The Cottage Community of Architect Atterbury

Grosvenor Atterbury is one of several prominent architects --along with James Fenwick and Richard Upjohn--buried in Green-Wood Cemetery. While during the course of his long career Atterbury was responsible for the design of many prominent structures, he is most remembered for designing the stately Tudor and Colonial style homes which comprise the exclusive enclave known as Forest Hills Gardens. Frederick Law Olmsted Jr. (son of the co-designer of Central Park and Prospect Park) was the landscape architect on this 1908 project of one of America’s oldest planned communities. Residents have included Jimmy Breslin, Geraldine Ferraro, Branch Rickey (the baseball executive who signed Jackie Robinson) and CSI actor David Caruso.

Atterbury died in 1956 at the age of 87 in Southampton Hospital. He is buried beneath a simple stone --which notes that he was an inventor architect--in a shady and secluded family plot. His father was a lawyer who became the general counsel for the Erie Railway and his maternal grandfather, Samuel Latham Mitchill, was a physician and politician. Mitchill was also a proponent of the construction of the Erie Canal, a project undertaken by his close friend, DeWitt Clinton, also buried in Green-Wood.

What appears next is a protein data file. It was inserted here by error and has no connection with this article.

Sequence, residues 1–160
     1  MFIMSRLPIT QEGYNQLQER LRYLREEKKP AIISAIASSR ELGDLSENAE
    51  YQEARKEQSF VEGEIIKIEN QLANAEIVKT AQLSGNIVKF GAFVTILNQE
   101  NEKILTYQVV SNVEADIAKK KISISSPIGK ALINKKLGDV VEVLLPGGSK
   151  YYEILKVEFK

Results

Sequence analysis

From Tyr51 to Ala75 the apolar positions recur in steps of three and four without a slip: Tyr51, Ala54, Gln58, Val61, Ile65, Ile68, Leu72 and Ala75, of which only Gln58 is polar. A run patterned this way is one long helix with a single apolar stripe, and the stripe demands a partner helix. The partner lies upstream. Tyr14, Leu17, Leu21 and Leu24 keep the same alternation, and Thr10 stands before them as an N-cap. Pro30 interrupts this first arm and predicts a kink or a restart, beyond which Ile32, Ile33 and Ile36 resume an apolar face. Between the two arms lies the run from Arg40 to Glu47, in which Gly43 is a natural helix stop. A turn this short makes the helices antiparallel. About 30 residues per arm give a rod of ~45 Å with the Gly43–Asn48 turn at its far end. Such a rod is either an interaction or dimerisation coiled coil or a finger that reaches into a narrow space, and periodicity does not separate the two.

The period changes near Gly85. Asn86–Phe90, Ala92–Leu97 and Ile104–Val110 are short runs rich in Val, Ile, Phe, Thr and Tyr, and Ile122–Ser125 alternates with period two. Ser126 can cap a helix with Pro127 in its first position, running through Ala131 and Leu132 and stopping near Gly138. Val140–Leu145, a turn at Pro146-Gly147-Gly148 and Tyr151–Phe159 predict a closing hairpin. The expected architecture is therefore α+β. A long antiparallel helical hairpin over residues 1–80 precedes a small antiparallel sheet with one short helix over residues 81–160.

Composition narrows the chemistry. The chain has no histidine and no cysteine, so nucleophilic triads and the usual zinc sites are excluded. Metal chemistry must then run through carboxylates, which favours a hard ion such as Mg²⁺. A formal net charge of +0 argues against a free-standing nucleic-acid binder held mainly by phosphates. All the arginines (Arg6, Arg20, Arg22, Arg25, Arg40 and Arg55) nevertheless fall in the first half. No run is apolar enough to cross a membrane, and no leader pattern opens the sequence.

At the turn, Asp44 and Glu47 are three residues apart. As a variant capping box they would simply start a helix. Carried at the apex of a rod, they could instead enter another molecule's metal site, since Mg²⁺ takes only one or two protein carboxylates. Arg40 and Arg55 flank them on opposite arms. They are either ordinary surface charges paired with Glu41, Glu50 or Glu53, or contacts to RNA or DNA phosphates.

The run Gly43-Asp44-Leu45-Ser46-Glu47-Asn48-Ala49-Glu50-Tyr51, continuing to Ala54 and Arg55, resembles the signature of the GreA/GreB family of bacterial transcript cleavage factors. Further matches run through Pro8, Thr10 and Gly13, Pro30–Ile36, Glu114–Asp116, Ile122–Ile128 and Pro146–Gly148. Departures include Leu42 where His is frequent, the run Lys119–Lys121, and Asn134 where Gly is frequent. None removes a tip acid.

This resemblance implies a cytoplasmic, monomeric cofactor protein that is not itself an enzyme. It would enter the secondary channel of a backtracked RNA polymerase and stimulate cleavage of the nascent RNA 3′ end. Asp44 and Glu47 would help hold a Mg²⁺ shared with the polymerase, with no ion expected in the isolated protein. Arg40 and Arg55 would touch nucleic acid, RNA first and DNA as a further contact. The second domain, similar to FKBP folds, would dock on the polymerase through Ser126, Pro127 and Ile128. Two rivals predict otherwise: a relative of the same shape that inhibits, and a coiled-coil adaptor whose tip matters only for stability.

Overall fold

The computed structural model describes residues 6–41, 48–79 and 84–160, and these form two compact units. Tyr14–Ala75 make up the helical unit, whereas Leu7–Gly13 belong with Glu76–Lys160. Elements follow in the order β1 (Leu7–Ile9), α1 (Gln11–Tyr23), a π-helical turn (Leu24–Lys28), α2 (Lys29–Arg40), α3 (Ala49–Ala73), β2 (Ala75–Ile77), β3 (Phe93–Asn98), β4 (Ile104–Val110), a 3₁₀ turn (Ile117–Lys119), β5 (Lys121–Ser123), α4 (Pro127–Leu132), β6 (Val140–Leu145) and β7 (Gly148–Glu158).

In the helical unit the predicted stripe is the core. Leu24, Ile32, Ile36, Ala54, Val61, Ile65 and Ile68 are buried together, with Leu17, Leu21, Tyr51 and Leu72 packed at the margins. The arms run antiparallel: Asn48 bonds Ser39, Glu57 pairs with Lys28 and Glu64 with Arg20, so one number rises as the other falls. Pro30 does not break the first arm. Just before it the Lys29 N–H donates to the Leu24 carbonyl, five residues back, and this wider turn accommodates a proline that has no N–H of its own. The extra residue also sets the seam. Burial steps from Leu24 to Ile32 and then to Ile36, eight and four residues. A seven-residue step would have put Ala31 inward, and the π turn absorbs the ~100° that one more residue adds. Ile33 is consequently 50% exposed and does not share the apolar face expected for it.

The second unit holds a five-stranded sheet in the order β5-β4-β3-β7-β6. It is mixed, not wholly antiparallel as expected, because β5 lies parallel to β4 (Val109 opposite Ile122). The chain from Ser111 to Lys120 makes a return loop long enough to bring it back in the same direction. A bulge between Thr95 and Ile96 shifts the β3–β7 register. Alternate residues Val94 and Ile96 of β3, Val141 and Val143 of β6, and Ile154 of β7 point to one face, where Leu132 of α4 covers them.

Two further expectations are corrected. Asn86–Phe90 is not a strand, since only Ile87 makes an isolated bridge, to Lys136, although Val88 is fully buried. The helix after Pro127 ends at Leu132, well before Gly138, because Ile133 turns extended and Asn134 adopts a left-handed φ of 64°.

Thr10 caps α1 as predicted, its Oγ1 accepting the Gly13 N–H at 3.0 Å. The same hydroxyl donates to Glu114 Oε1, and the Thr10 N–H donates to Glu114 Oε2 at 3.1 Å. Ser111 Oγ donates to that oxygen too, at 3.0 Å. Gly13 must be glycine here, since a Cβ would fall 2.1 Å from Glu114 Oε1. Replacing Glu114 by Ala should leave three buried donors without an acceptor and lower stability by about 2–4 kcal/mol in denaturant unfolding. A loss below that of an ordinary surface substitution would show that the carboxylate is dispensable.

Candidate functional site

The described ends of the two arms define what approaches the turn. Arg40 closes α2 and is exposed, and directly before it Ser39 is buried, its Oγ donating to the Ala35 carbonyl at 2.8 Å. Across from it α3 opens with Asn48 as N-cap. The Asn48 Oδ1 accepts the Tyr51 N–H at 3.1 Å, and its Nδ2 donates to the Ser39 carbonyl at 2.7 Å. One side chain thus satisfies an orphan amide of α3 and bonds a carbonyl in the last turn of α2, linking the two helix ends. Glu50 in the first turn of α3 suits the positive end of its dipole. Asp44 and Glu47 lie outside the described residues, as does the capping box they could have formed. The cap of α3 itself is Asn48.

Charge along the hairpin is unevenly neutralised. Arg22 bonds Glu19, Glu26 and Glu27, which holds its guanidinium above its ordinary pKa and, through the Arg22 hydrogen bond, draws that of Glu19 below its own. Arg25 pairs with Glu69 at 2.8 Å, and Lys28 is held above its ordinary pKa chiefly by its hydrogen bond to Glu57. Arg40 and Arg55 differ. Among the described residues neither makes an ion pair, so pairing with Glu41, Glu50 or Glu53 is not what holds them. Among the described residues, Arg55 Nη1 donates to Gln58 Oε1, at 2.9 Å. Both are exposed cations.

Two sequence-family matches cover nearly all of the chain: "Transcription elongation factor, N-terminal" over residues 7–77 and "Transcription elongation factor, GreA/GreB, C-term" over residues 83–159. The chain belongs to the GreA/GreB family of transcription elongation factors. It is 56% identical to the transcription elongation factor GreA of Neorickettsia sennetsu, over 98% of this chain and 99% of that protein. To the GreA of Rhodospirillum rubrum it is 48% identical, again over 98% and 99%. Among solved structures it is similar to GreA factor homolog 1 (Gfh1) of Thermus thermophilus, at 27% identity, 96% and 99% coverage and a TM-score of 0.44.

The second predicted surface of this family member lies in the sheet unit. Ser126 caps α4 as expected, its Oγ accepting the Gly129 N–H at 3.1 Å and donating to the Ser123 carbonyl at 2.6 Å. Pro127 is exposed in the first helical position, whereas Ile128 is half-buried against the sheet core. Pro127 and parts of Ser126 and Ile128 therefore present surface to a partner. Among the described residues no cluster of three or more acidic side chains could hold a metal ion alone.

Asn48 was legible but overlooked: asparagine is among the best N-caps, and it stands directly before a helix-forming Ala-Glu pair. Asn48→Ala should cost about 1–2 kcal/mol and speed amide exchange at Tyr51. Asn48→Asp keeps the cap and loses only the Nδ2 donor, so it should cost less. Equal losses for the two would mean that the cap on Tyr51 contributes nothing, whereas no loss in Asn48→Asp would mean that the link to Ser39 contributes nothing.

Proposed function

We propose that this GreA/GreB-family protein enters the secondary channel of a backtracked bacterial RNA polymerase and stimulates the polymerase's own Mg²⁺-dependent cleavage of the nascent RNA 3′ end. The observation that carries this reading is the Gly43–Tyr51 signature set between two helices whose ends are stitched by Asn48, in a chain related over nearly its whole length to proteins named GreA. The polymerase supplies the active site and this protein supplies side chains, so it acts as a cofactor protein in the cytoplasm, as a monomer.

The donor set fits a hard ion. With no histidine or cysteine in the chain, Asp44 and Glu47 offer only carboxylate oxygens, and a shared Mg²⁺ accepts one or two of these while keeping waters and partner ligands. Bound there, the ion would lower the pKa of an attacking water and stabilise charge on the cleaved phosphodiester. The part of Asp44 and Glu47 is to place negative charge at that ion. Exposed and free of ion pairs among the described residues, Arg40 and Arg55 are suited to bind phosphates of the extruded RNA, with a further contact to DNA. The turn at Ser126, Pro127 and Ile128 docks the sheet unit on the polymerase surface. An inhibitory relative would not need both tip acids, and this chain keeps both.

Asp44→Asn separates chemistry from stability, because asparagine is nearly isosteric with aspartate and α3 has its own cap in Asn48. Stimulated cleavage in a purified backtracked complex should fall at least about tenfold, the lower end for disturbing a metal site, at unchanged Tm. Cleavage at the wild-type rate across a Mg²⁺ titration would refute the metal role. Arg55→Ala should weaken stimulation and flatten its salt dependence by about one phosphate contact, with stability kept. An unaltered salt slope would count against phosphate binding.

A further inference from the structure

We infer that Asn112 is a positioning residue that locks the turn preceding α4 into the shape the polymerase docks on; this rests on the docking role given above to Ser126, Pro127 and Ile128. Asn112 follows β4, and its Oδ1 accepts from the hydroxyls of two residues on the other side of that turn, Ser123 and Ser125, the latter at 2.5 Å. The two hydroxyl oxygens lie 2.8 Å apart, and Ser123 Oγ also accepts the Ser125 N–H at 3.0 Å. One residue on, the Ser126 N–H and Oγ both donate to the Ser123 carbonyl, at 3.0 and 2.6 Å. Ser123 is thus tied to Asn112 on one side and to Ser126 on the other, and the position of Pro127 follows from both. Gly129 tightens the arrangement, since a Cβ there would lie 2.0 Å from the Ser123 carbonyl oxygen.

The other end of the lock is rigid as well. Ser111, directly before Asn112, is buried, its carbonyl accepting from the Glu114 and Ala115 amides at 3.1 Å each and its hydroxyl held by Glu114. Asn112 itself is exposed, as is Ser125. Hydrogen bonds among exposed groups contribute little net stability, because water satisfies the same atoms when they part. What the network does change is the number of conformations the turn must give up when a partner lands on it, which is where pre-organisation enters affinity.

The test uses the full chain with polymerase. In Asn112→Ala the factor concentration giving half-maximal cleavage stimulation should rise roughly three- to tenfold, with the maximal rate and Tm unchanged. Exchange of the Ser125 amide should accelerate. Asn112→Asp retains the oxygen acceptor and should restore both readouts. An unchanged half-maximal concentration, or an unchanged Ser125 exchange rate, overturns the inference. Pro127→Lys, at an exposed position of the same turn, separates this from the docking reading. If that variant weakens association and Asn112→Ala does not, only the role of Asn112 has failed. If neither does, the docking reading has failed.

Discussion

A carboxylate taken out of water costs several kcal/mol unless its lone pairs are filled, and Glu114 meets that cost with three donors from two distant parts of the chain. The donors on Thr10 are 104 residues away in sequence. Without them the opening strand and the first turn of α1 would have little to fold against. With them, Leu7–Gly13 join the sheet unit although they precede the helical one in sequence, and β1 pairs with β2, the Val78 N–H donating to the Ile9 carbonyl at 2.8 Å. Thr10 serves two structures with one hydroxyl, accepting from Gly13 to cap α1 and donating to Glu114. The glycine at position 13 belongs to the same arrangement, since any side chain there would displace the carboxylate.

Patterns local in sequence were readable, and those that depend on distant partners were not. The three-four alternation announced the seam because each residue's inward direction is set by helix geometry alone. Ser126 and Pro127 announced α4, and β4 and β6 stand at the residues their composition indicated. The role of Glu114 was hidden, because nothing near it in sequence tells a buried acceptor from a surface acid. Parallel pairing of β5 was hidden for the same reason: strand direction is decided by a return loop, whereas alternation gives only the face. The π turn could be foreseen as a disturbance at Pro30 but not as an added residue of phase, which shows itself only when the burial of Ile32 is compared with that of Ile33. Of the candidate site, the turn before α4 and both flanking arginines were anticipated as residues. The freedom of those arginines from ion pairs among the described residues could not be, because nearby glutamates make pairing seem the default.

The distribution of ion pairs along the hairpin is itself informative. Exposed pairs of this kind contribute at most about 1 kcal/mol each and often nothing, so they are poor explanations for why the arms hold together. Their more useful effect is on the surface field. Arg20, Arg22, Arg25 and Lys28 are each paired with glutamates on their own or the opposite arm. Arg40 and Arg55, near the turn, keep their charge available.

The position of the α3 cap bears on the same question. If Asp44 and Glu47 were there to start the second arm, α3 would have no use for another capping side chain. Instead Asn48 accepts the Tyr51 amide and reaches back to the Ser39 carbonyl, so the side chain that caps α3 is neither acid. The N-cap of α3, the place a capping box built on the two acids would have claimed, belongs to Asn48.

In 2008, Cottage Living Magazine ranked Forest Hills Gardens as the number one “cottage community” in the United States. And recent online postings can be found for tours of “Grosvenor Atterbury’s Forest Hills.”

Atterbury's  former Manhattan residence was listed for sale in 2011at the staggering price of $38 million. Realtors generously said they would seal the deal for a cool $35million.